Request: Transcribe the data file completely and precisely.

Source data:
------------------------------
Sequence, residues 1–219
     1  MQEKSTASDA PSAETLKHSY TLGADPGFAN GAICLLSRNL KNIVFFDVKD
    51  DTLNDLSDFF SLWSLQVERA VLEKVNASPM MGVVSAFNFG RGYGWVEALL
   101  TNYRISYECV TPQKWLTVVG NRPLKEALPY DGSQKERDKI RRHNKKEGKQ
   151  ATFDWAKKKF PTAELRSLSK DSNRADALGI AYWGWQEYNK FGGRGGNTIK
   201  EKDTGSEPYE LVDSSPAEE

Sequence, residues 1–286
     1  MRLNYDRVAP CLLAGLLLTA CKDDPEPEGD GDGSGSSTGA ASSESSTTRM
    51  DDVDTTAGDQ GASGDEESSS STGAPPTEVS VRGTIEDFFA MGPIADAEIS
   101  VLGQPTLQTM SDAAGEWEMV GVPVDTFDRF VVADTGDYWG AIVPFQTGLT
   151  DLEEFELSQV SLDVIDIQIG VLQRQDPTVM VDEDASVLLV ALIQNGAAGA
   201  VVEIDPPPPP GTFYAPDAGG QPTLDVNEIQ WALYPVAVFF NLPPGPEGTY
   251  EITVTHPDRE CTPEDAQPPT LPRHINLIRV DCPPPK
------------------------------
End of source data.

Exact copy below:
Sequence, residues 1–219
     1  MQEKSTASDA PSAETLKHSY TLGADPGFAN GAICLLSRNL KNIVFFDVKD
    51  DTLNDLSDFF SLWSLQVERA VLEKVNASPM MGVVSAFNFG RGYGWVEALL
   101  TNYRISYECV TPQKWLTVVG NRPLKEALPY DGSQKERDKI RRHNKKEGKQ
   151  ATFDWAKKKF PTAELRSLSK DSNRADALGI AYWGWQEYNK FGGRGGNTIK
   201  EKDTGSEPYE LVDSSPAEE

Sequence, residues 1–286
     1  MRLNYDRVAP CLLAGLLLTA CKDDPEPEGD GDGSGSSTGA ASSESSTTRM
    51  DDVDTTAGDQ GASGDEESSS STGAPPTEVS VRGTIEDFFA MGPIADAEIS
   101  VLGQPTLQTM SDAAGEWEMV GVPVDTFDRF VVADTGDYWG AIVPFQTGLT
   151  DLEEFELSQV SLDVIDIQIG VLQRQDPTVM VDEDASVLLV ALIQNGAAGA
   201  VVEIDPPPPP GTFYAPDAGG QPTLDVNEIQ WALYPVAVFF NLPPGPEGTY
   251  EITVTHPDRE CTPEDAQPPT LPRHINLIRV DCPPPK